Understanding Signalling Pathways Mutated in Inherited Disorders

Lead Research Organisation: University of Dundee

Abstract

My laboratory focuses on unravelling the roles played by an important class of enzymes that are implicated in human disease, that control a biological process known as “protein phosphorylation”. Many diseases including Parkinson’s disease, cancer and high blood pressure, are caused by alterations in specific pathways that regulate protein phosphorylation. My research programme will be based on deciphering the molecular details of protein phosphorylation pathways that are associated with Parkinson’s Disease (LRRK2), cancer (SGK3 pathway) and hypertension (WNK pathway). The overarching goal of our research is to discover how disruptions in enzymes that regulate phosphorylation are linked to human disease. We aim to harness this information and work with clinicians as well as pharmaceutical companies to develop improved strategies to better treat and diagnose malady.

Technical Summary

My laboratory focuses on unravelling the roles played by protein phosphorylation and ubiquitylation pathway components that emerge from the genetic analysis of human disease. In the current quinquennium the attention will be based on dissecting signalling pathways associated with Parkinson’s Disease (LRRK2), cancer (SGK3 pathway) and hypertension (WNK pathway). The aim of our research is to focus om mechanism and understand how the signalling components that we are studying are regulated and function. How mutations in these pathways disrupts biology to cause disease is also a major question. We hope to harness this information to elaborate a better understanding of human disease and to develop improved strategies to better treat and diagnose malady. For the LRRK2 research the key aims of this work are: 1. Do mutations in “Parkinson’s genes” promote LRRK2 activity and Rab protein phosphorylation? 2. Are there any specific stimuli that induce activation of LRRK2 and phosphorylation of Rab proteins? 3. How does LRRK2 mediated phosphorylation of Rab GTPases affect downstream biology? 4. Generation and use of monoclonal antibodies to better detect endogenous phosphorylation of Rab proteins by LRRK2. In parallel to this research we are working with clinicians and pharmaceutical companies with an interest in testing the therapeutic benefit of LRRK2 inhibitors for the treatment of Parkinson’s. For the SGK3 project the work will focus on studying the regulation and function of SGK3 in caner. The aims are: 1. Obtain a better understanding SGK3 biology-identification of novel SGK3 substrates in breast cancer cells; 2. How is SGK3 activated by Growth Factors. This work will help define whether SGK3 inhibitors will have therapeutic benefit for cancer. The WNK project concerns understanding how the WNK kinases that control blood pressure are regulated. This project could provide fundamental information of how cells sense and respond to osmotic and ionic stress, cellular processes that are very poorly understood.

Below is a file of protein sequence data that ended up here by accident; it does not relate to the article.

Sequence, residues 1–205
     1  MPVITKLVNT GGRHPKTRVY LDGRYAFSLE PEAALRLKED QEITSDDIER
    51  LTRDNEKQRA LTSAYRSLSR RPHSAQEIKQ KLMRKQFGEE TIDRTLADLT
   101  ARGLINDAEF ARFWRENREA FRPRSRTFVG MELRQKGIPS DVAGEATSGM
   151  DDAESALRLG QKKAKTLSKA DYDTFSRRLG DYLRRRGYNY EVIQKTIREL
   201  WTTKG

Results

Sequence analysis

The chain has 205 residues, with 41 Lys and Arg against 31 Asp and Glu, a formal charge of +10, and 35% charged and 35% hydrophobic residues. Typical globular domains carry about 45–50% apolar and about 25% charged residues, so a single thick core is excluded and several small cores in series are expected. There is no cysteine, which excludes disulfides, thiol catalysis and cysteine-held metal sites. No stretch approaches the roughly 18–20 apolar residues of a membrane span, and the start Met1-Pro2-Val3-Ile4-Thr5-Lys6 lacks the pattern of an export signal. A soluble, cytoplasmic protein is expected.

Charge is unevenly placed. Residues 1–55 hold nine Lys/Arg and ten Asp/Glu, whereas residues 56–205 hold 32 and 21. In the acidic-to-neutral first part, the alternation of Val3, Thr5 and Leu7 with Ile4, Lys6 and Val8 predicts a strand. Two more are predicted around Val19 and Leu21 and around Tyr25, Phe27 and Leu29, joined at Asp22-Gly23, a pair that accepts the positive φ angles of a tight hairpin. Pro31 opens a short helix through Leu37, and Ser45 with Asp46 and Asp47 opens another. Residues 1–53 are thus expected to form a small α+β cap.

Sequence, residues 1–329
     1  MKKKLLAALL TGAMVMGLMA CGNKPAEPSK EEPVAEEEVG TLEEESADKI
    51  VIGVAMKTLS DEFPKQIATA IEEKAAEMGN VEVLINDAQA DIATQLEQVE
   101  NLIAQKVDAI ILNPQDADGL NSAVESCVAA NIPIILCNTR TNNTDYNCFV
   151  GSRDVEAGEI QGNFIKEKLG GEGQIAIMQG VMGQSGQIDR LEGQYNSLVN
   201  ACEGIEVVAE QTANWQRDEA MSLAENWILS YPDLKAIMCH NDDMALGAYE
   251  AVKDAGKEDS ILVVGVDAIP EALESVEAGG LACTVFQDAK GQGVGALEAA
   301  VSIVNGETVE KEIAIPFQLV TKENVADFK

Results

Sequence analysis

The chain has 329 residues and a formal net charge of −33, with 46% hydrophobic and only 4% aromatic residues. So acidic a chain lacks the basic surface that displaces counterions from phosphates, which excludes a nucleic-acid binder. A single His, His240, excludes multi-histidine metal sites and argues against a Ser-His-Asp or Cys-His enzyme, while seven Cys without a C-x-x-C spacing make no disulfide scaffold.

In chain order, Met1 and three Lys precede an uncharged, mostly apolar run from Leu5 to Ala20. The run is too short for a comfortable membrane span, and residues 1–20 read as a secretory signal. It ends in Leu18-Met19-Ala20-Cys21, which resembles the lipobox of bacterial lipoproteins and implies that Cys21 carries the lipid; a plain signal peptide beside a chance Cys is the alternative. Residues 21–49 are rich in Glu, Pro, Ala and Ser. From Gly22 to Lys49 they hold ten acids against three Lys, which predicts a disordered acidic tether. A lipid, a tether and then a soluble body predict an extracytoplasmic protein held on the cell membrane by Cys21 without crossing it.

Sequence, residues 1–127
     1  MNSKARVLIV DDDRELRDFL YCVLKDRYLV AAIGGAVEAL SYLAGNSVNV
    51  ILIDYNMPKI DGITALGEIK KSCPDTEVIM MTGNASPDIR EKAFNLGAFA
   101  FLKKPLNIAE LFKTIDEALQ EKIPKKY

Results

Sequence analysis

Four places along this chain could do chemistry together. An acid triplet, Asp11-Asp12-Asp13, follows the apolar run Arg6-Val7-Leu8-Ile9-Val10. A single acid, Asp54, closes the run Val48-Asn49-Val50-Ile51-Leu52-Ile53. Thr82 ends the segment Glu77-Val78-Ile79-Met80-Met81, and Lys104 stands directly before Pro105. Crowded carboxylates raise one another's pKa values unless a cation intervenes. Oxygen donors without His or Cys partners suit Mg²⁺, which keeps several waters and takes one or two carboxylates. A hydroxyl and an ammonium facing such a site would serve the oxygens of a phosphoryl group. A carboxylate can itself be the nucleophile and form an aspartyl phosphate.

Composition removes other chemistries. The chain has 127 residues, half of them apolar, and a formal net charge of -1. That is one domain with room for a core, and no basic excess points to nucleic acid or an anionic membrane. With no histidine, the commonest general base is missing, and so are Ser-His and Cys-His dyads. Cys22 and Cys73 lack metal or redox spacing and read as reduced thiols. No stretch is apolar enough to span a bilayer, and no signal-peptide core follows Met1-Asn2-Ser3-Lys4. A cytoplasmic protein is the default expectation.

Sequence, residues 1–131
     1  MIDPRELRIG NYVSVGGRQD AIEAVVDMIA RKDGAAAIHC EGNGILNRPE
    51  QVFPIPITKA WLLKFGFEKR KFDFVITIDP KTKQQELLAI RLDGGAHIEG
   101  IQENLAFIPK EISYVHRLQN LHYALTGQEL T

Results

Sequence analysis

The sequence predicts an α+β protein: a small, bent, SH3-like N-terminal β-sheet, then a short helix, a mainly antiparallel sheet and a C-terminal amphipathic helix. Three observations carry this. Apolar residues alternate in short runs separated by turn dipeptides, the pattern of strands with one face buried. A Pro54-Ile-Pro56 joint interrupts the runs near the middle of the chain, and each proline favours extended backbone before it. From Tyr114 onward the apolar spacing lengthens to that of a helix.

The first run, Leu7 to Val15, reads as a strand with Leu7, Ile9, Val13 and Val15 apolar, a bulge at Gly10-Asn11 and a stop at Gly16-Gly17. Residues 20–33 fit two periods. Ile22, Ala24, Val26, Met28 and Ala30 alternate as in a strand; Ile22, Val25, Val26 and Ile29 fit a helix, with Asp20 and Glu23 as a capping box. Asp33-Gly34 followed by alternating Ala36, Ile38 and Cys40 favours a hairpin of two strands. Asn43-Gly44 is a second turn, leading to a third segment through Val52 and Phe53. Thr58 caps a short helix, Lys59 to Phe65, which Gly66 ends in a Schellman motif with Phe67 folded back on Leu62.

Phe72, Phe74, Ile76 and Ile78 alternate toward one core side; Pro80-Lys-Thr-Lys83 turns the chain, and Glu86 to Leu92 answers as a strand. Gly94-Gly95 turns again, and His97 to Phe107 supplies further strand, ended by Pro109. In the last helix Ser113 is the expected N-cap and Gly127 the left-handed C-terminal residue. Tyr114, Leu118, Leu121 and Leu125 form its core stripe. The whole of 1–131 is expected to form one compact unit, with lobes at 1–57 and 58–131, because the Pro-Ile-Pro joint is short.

Publications

10 25 50
 
Description Assessment of LRRK2 activity in G2385R carriers
Amount £57,771 (GBP)
Organisation Michael J Fox Foundation 
Sector Charity/Non Profit
Country United States
Start 08/2018 
End 07/2019
 
Description Genome wide screens to uncover novel upstream regulators of LRRK2
Amount £305,944 (GBP)
Organisation Michael J Fox Foundation 
Sector Charity/Non Profit
Country United States
Start  
 
Description Impact of Shared Crohn's disease
Amount £55,444 (GBP)
Organisation Michael J Fox Foundation 
Sector Charity/Non Profit
Country United States
Start 11/2018 
End 10/2019
 
Description Lanston Award
Amount £17,582 (GBP)
Organisation Michael J Fox Foundation 
Sector Charity/Non Profit
Country United States
Start 01/2018 
End 12/2019
 
Description Rab LEAPs Renewal
Amount £332,000 (GBP)
Organisation Michael J Fox Foundation 
Sector Charity/Non Profit
Country United States
Start 08/2018 
End 07/2020
 
Description Tools Development
Amount £83,244 (GBP)
Organisation Michael J Fox Foundation 
Sector Charity/Non Profit
Country United States
Start 10/2018 
End 09/2020
 
Description Tools and Animal Models
Amount £54,902 (GBP)
Organisation Michael J Fox Foundation 
Sector Charity/Non Profit
Country United States
Start 07/2018 
End 12/2019
 
Description Attendance at the Scottish Parliament - MRC 
Form Of Engagement Activity A formal working group, expert panel or dialogue
Part Of Official Scheme? No
Geographic Reach Regional
Primary Audience Policymakers/politicians
Results and Impact Myself, Professor John Rouse and Dr Paul Davies attended an event in the Scottish Parliament on 6th February to support the Medical Research Council's investment in science in Scotland and to present the work that we are doing in the MRC-PPU to MSPs.